(b) The Idaho taxable income as would be calculated for a resident of Idaho modified as follows:



    (i) No allowance shall be made for either a standard deduction or itemized deductions;



    (ii) No deduction shall be made for personal exemptions or any allowance in lieu of such deduction;



    (iii) Compensation for active military service in the armed forces shall not be deducted;



    (iv) Income earned within the original exterior boundaries of any federally created Indian reservation by an enrolled Indian in a federally recognized Indian tribe on a federally recognized Indian reservation shall be added if not otherwise included.


    (5) An adjustment may be made to eliminate distortions in the amount of net income attributable to a taxpayer's activities within the state of Idaho. Such deductions shall be limited to circumstances involving itemized deductions as referred to in subsection (4) of this section and which reflect:


    (a) A failure to reflect the net income or deduction after reimbursements have been received; or



    (b) A failure to reflect the net amount of mortgage interest income or expense from activities within Idaho.


    (6) For the purposes of subsections (1) and (2) of this section, deductions and adjustments allowed in computing the Idaho taxable income of nonresident and part-year resident individuals, trusts and estates shall be prescribed in the rules of the state tax commission. Such rules shall be based upon:


    (a) Whether or not the deduction or adjustment is related to the production of income reportable to Idaho;



    (b) Whether or not the deduction or adjustment is related to income received, expenses paid, or events of tax consequence which occurred during a portion of a taxable year that the taxpayer was domiciled in or residing in Idaho; or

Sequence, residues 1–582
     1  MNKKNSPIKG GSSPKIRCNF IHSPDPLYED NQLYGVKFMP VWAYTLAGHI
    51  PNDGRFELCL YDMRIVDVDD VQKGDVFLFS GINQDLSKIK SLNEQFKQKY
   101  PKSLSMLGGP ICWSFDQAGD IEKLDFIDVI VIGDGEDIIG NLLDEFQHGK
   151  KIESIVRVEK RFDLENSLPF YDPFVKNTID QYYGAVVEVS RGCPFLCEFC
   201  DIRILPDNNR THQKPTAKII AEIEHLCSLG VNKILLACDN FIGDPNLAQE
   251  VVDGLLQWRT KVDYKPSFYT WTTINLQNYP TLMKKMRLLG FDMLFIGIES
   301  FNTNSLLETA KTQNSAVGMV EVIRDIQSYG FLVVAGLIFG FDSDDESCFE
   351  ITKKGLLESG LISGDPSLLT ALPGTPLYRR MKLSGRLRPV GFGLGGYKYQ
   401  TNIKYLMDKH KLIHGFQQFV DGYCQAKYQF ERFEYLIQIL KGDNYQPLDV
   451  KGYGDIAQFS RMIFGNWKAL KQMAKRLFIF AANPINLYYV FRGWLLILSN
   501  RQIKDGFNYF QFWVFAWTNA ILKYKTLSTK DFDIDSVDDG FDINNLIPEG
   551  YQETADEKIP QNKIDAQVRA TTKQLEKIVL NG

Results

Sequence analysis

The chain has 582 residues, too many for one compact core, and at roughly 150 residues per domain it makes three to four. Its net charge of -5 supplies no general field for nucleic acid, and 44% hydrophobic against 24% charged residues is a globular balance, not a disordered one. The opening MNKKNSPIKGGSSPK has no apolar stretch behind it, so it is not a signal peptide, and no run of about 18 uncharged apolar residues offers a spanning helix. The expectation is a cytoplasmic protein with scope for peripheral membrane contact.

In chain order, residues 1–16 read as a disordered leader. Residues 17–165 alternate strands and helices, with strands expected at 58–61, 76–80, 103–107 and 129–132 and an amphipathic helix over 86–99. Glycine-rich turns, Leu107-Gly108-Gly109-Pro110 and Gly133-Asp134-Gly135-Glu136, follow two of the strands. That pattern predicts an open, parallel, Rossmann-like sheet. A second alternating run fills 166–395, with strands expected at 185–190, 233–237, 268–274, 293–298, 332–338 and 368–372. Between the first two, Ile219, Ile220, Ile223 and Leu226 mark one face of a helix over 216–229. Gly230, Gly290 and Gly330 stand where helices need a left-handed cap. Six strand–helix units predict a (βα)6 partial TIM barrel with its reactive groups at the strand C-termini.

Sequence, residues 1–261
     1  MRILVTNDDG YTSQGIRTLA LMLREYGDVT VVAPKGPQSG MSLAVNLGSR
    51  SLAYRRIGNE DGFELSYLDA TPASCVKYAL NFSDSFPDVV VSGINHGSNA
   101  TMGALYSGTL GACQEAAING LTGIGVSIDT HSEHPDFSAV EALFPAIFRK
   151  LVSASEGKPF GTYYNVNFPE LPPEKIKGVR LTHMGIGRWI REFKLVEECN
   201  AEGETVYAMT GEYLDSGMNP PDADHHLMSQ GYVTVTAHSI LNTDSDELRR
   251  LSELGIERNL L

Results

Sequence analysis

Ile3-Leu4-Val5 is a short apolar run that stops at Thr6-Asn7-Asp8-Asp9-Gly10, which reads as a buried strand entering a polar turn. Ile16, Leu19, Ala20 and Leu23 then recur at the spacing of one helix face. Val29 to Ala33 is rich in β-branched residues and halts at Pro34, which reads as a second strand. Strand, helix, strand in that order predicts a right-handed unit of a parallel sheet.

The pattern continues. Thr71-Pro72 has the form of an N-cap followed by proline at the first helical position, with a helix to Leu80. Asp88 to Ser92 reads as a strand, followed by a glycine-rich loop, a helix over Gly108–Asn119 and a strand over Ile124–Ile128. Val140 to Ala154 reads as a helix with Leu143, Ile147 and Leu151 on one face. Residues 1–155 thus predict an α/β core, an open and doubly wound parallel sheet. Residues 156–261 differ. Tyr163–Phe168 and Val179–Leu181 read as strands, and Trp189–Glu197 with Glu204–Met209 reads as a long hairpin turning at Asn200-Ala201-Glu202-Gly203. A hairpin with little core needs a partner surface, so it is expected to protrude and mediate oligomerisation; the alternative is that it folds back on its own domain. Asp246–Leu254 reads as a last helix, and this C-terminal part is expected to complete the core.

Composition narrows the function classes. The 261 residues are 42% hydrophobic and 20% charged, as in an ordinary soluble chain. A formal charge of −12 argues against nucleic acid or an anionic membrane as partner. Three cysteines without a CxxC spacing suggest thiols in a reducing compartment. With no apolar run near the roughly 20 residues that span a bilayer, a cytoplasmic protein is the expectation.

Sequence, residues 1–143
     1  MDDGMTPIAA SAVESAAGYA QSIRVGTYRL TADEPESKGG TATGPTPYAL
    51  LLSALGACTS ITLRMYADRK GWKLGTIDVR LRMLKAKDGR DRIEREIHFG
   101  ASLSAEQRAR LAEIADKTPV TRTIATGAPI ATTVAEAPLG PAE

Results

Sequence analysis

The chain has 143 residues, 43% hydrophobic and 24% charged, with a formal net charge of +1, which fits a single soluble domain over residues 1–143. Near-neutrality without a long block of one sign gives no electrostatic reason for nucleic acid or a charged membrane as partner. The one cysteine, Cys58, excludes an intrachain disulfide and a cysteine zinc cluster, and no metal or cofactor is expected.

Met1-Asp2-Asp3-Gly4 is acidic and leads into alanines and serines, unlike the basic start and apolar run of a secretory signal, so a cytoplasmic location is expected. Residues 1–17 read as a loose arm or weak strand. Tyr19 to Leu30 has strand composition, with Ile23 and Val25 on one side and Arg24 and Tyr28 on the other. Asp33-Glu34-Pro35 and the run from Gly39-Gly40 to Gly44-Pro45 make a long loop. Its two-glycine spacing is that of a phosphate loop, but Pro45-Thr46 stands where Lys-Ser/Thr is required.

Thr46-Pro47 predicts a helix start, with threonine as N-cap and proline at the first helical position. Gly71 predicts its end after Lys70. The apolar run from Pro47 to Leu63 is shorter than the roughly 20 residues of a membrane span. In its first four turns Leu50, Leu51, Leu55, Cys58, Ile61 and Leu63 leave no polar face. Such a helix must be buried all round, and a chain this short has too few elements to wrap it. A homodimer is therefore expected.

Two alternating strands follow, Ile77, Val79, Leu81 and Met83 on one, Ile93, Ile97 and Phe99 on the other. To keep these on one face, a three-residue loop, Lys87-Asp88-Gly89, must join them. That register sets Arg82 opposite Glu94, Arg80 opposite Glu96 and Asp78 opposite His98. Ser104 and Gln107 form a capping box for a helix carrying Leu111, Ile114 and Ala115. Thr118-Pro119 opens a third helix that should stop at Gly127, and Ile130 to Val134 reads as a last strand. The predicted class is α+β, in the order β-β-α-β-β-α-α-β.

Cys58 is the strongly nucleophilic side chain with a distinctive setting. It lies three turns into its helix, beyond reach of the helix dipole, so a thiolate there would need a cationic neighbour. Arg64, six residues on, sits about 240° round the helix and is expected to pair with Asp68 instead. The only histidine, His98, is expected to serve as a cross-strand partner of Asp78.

(c) Any other appropriate basis for making the adjustment. An "appropriate basis" is one which the state tax commission finds is needed to insure that the amount of Idaho taxable income is fairly and reasonably related to a taxpayer's activities in this state. [I.C., § 63-3026A, as added by 1995, ch. 111, § 26, p. 347; am. 1996, ch. 40, § 3, p. 103; am. 1998, ch. 42, § 4, p. 175; am. 2000, ch. 38, § 5, p. 70.]




    HISTORICAL NOTES

    Compiler's Notes. Sections 2 and 4 of S.L. 1996, ch. 40 are compiled as §§ 63- 3022J and 63-3029B, respectively.
    Section 3 of S.L. 1998, ch. 42 is compiled as § 63-3022M.
    Section 4 of S.L. 2000, ch. 38, is compiled as § 63-3022.
    Section 6 of S.L. 1998, ch. 42, declared an emergency and provided this act shall be in full force and effect on and after March 17, 1998, and retroactively to January 1, 1998. Approved March 17, 1998.
    Section 6 of S.L. 2000, ch. 38 declared an emergency retroactively to January 1, 2000 and approved March 22, 2000.

    I.C. § 63-3026A, ID ST § 63-3026A


    Current through the 2003 Session


    ============

    The short message is, not only will Idaho tax the crap out of you, it won't allow you a standard exemption or any deductions either. Time to look for work in Washington.

    Not intended to be legal advice, and strictly for entertainment purposes, you understand. Seriously, talk to a tax professional in Idaho.